Wednesday, 14 November 2007

The Delicacy of Things

I'm reading my second biography of Ernest Hemingway. After visiting his home in Key West, I developed my usual author obsesssion but this one has surprised me with its intensity. After reading "Running With the Bulls", I've moved on to "Papa Hemingway" by Hotchner. Hemingway once said that he learned as much from painters about how to write as from writers.

(For all the gardeners that think I am grossly abusing my "garden" slot, I will blog later for "Bloomday".
Below are the pale mauve flowers of the Duranta plant.)

His characteristic 'bare as bones' style meant no generalizations or wishy washy adjectives. Just the distilling of emotion.
I think in all art forms we try to achieve this state of distillation; a concentration of reality.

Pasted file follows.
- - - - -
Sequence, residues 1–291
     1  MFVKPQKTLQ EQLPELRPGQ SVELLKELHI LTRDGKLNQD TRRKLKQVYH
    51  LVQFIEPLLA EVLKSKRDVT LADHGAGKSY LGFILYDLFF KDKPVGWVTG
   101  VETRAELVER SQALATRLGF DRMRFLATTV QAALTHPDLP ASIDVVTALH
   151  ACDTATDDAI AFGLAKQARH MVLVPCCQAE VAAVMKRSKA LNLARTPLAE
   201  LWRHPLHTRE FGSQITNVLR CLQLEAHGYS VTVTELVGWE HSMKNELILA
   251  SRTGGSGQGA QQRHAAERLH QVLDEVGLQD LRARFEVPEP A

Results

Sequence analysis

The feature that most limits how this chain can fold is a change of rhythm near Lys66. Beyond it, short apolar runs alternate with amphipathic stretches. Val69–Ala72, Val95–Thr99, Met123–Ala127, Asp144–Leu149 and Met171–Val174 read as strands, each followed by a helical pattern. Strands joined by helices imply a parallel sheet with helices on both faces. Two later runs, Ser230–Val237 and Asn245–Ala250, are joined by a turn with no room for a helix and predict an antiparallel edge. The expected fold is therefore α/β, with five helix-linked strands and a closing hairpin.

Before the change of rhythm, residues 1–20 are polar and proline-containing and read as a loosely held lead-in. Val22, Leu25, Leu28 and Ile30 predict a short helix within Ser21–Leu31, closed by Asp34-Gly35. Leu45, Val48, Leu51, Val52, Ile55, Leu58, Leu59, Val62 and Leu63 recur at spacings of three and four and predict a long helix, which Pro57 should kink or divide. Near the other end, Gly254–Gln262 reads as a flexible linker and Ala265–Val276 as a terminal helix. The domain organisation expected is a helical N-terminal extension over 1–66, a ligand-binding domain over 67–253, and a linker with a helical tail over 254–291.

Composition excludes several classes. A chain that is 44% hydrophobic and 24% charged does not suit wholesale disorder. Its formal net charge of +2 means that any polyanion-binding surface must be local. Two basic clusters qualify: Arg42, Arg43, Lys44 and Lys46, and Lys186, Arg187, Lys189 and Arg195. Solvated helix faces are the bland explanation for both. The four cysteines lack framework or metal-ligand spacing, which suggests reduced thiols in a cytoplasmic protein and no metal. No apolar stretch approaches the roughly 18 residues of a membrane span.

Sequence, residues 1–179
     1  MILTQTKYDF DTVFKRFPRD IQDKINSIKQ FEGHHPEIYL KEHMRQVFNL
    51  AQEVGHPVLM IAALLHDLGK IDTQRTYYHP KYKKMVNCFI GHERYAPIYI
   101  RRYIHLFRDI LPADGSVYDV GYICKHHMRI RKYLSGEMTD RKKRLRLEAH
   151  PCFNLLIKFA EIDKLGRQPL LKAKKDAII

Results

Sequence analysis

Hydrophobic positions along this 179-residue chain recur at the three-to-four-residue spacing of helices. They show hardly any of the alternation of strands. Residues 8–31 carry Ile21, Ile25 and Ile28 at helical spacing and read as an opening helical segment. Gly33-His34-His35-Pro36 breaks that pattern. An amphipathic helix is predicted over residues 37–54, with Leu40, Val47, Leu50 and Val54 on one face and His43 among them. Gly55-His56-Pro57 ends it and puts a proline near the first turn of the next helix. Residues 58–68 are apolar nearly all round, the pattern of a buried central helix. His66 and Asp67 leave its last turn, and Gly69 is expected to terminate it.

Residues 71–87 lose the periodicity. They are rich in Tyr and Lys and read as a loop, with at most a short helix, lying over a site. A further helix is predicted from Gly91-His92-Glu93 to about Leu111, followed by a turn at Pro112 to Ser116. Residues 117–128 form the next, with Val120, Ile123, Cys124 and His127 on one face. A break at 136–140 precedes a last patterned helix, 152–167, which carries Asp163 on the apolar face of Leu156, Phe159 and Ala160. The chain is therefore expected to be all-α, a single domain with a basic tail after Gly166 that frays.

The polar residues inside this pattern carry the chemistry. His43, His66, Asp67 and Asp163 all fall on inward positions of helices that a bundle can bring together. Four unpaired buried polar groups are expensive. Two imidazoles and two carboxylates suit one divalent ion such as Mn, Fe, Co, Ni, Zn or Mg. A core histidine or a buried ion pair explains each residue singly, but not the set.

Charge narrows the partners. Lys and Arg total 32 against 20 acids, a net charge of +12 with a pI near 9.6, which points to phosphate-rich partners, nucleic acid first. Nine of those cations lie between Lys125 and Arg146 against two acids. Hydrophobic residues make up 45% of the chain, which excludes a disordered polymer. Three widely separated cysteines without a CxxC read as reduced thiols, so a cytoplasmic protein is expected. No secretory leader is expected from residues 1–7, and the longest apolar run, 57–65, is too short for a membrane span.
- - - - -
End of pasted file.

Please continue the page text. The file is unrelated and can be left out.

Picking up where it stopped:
This common yellow flower grows on a small shrubby trees with pinnated leaves. Occasionally the camera throws up something that you don't see with the naked eye. But you do when you look again.
This is what I would like my writing to do.
It is what Carnival does to a nation every year and it is what all good art should do. Artistic surroundings should present these mini-distillations everywhere and make the world clearer. The world may appear to be more ugly or more beautiful, but certainly the reality is conveyed with clarity.
Am I disciplined enough to stand; writing, working, and reworking, each sentence? Hemingway rose every morning and stood at his specially made pulpit-type desk to write. He sat to pay bills but always stood to write.

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